It’s been a week since Thanksgiving, and I am still fatigued. I’ve maintained a must-have relationship with my kitchen since Thursday. In and out, with only little visits in between. Hopefully my kitchen fatigue goes away soon or else I will miss out on the holiday baking of the season. Last year, I went a little nuts and literally baked everything in sight. This year, I simply don’t have enough time and energy to bake up a storm.
With my birthday, graduation, and Christmas coming up in a few weeks, I am trying to balance my time accordingly but there are lots of things that are demanding my attention that I simply can’t ignore (finals! papers! group projects! finding a new job!). So, I will try to post regularily, but they will be shorter, sweeter, and more picture heavy to make up for the shortened posts.
For Thanksgiving, I was asked to prepare all the desserts. ALL. THE. DESSERTS. FOR. 20. PEOPLE.
Yes, I was a little nervous, especially since these folks love my baked goods (silly fools). I spent the days before researching and picking out my desserts. I knew I wanted to bake a cheesecake (coming soon!) because who doesn’t love cheesecake? I wanted to make something kid friendly (rocky road bars, coming soon). And I also felt the urge to attempt my first pumpkin pie.
Yup, I was a pumpkin pie virgin but not anymore. I used Dorie Greenspan’s Sour Cream Pumpkin Pie recipe from my favorite Baking: From My Home to Yours. I want to meet Dorie and give her a big hug because all of her recipes have turned out great. I have had a 99% success rate with this book and it’s the only one that I trust without a doubt.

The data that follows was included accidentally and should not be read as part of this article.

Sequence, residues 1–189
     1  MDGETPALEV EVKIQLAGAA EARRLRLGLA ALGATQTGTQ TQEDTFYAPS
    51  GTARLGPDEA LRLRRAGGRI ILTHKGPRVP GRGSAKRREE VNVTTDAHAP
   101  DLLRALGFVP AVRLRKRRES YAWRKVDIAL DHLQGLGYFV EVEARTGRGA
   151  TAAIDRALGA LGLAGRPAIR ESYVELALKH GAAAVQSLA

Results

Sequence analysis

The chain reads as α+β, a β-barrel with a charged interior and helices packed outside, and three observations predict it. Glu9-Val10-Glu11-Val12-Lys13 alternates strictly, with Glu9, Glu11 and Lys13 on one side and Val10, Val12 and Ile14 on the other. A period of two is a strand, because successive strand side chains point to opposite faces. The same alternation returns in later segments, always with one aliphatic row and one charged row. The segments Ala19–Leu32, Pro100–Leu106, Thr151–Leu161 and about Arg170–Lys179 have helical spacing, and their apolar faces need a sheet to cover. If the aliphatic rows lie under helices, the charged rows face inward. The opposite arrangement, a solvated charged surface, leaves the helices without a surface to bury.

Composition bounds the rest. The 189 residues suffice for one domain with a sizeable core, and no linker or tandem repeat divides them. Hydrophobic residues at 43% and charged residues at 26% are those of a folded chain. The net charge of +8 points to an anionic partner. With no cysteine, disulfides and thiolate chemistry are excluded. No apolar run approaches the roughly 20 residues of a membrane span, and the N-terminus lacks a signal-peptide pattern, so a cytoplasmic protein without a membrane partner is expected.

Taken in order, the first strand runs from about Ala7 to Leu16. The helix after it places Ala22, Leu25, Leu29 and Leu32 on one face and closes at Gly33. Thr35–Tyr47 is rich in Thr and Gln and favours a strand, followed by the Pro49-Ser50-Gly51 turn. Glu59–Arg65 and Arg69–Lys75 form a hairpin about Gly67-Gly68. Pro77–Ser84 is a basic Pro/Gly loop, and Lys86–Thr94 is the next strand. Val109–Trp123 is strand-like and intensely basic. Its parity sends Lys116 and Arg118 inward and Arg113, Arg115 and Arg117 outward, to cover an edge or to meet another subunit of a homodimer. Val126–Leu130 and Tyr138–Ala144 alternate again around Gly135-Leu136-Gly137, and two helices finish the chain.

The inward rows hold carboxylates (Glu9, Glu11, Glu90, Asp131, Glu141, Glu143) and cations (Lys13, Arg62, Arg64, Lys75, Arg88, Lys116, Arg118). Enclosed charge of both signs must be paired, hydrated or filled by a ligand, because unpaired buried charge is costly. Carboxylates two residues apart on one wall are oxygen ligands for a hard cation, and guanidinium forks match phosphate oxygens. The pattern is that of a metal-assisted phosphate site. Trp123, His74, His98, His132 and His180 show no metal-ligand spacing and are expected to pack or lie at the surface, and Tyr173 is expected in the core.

The filling was really good because of two things: texture and taste. By now, you know I am a texture freak and I wanted this pie to be firm but not hard to the touch. And the heavy cream gave it a velvety feel. Silky and creamy yet smooth, the filling was good enough to eat on its own. Which I did. Numerous times… And the flavor of the filling was balanced perfectly. Not too sweet and not too pumpkin-y. If I knew pumpkin pie could be so good, I would’ve made this years ago! Next time around, I’d amp up the rum because you couldn’t taste it all. No, I don’t have a booze problem, I just like rum’s flavor in baked goods.
I still have issues with crust but I blame that on my stupidity. I abhor shortening, and yes I know that it gives pie crusts a welcomed flaky bite, but I don’t care. I prefer butter, butter all the way… So I knew that I would sub the shortening with butter, but I didn’t think about the different ratio of fat that this pie crust would have sans shortening. If I had known, I would’ve used an all-butter recipe, but instead I just tossed in extra butter and hoped for the best…
Oh well. The crust was still yummy. The recipe called for the pie to be baked for 33 minutes, but if you prefer a crispier, golden crust, then bake it longer. My crust wasn’t as firm as I wanted and lacked that golden color I wanted, but taste wise, it was good. I almost had a near-disaster moment while baking this pie though. Good thing I have reflexes like a cat because while I was holding the baking pan in the oven, the pie plate slided off, almost landing face down on the oven rack. But I swooped in, crying with relief before the entire pie smashed in the hot oven. The only sign of trouble evident on the pie was this little dent in the pie crust.
I think I was the only one who noticed the less-than-perfect crust because everyone grabbed a slice the minute the pie hit the table. Everyone loved how it tasted, and trust me, these people are hard to please. I was glad that the pie wasn’t too sweet because lately, my sweet tooth has been a little sensitive but if you prefer a sugar rush, scoop some vanilla ice cream on top of that slice, and call it a day.
Sour Cream Pumpkin Pie
Origin: Baking: From My Home to Yours
Yield: makes 6 to 8 servings
Prep Time: 35 minutes
Cooking Time: 45 to 55 minutes
● 1 9- inch single crust made with Good for Almost Everything Pie Dough (see recipe below), partially baked and cooled, or one 9-inch tart shell made with Sweet Tart Dough, partially baked and cooled
● 2 cups (canned) unsweetened pumpkin puree
● 3 large eggs, at room temperature
● 1 cup (packed) light brown sugar